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THE NATION'S HOUSING

HUD Official's Advice Irks Fair-Housing Group

December 08, 1996|KENNETH R. HARNEY | SPECIAL TO THE TIMES

WASHINGTON — The Clinton administration is wrestling with an explosive issue that threatens to redefine what real estate agents can--and cannot--tell prospective home buyers about the racial and ethnic characteristics of neighborhoods.

Since the passage of the Fair Housing Act in 1968, realty agents nationwide have been trained to avoid discussions of racial or other features of neighborhoods that may be covered by the law's anti-bias protections. The act prohibits discrimination in housing based on race, color, sex, familial status, handicap, religion or national origin.

But a controversial preelection opinion letter from the federal Department of Housing and Urban Development appears to open the door to a significant change in that 3-decades-old practice. According to an Oct. 2 opinion from HUD's top fair-housing official, Elizabeth K. Julian, a home shopper represented by a buyer's agent could ask that agent to restrict the home search solely to neighborhoods with no minorities, and the agent would remain in compliance with federal law in doing so.

"If a white buyer said to his [or] her agent," wrote Julian in her opinion letter, " 'I want to live in a white neighborhood,' or 'Don't show me any house where a lot of minorities live,' the agent would not violate the [Fair Housing Act] if he [or] she acted upon his [or] her client's instruction."

However, according to Julian, if the agent either initiated the discussion of racial composition or made a comment supporting the client's bias--such as, "I don't blame you for wanting to live in a white neighborhood"--then the agent would violate the anti-discrimination law.

Julian's opinion letter was sent to Jill D. Levine, a lawyer for Memphis, Tenn.-based the Buyer's Agent Inc., a realty firm with franchise offices in 26 states. The firm's agents exclusively represent purchasers; they do not list homes for sale and do not represent sellers in transactions. That distinction is critical, according to Levine, because unlike conventional agents, an exclusive buyer's agent signs a legally enforceable agreement with the buyer that "includes fiduciary duties to act in the best interests of the buyer."

When a purchaser instructs an exclusive buyer's agent to "limit the search for properties" using criteria volunteered by the purchaser, the agent would violate his or her fiduciary duty to do otherwise, according to Levine.

Fair housing and civil rights groups reacted sharply to the Julian opinion letter once details of the apparent policy change circulated.

"We thought it was very disappointing," said Shanna L. Smith, program director of the National Fair Housing Alliance. "Morally, ethically and legally, you don't do anything that helps segregation in housing in America."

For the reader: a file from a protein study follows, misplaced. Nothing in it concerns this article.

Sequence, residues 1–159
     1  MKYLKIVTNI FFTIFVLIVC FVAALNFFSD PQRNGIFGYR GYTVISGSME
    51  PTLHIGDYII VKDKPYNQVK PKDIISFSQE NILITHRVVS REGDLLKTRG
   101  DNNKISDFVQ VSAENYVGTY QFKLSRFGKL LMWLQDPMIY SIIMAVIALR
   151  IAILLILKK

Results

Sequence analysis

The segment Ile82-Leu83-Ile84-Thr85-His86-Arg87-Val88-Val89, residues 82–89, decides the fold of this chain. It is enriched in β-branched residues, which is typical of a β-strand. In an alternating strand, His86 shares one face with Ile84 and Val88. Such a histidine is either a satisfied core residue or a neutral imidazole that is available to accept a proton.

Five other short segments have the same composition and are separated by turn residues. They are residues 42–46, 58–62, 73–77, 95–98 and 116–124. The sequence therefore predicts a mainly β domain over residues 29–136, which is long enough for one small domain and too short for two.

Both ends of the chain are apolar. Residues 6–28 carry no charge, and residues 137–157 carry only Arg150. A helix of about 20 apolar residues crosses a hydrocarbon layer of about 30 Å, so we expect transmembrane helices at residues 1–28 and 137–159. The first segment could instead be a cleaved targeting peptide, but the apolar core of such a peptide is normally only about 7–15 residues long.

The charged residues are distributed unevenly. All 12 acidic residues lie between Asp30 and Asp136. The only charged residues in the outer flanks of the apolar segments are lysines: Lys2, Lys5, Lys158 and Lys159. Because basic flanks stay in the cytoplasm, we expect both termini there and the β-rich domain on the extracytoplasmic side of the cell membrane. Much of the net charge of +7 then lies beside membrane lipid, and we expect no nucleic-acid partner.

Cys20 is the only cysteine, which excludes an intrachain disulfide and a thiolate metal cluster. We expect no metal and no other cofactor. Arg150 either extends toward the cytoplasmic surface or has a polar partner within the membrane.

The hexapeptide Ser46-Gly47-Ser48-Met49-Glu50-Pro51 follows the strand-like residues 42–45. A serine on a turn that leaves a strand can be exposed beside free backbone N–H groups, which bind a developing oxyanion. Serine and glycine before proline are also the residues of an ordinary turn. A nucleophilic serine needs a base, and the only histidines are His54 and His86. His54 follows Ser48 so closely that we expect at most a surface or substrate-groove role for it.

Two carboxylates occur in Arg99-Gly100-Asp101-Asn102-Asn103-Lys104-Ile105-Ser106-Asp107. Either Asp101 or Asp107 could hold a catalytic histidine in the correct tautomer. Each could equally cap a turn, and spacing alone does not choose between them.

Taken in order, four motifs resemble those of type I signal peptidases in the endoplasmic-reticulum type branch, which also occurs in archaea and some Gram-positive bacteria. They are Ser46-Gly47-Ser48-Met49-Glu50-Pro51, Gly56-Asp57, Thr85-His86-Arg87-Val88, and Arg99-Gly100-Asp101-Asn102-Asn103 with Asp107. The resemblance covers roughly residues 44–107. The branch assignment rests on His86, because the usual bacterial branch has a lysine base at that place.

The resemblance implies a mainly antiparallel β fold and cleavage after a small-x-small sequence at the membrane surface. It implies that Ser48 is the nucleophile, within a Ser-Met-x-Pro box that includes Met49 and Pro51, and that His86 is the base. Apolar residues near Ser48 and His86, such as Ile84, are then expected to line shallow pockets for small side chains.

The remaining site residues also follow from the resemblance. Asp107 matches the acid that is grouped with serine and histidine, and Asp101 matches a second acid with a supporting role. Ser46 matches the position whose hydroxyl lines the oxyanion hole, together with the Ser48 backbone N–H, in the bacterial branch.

For years, said Smith, "We have taught [realty] agents to say, 'We're not going to show you housing on any racial basis. If you want a three-bedroom or a four-bedroom home or a split-level, that's fine--we'll talk about that.' "

Smith, whose organization trains hundreds of Realtors across the country annually on how to comply with the fair housing law, said the Julian opinion letter opened up a Pandora's box of potential complications unseen by HUD.

For example, what constitutes a "white" neighborhood, a "Jewish" neighborhood or an "Asian" neighborhood? Who makes that determination when a buyer asks to only see houses in such an area, she asked? And doesn't this potentially work to the disadvantage of all types of people covered by the statute, including whites?

For example, Smith said, "If I were a white person trying to sell my house, and because there's a black family living down the street, a buyer's agent refuses to show my house, I'd be very upset."

Following negative reactions like this, Julian sent a second letter to Levine on Oct. 28. Though her initial opinion "was given after extensive examination of the issue" by HUD's office of general counsel and her own staff, according to Julian, she said that she has now referred the issue for further study to the Justice Department.

Julian also said that she wanted to make clear that even if an exclusive buyer's agent could legally provide information on race, ethnicity and other criteria if requested by a client, "I do not endorse that sort of accommodation as good policy, nor as keeping within the spirit of the Fair Housing Act.

"I want to emphasize that there is nothing in the Fair Housing Act that requires an agent to accommodate an expressed desire to limit housing search based on race," Julian wrote. "The fact that [the law] . . . may, under limited circumstances, not prohibit such accommodation does not make it right, does not make it ethical. . . ."

The National Fair Housing Alliance's Smith said she wishes "this whole issue just never had come up." The murkiness left in the wake of the two HUD letters has created uncertainty among some agents about their legal roles, according to Smith, and has prompted a new joke about Clinton administration fair housing policy: "Don't ask, don't tell, just nod."

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Distributed by the Washington Post Writers Group.

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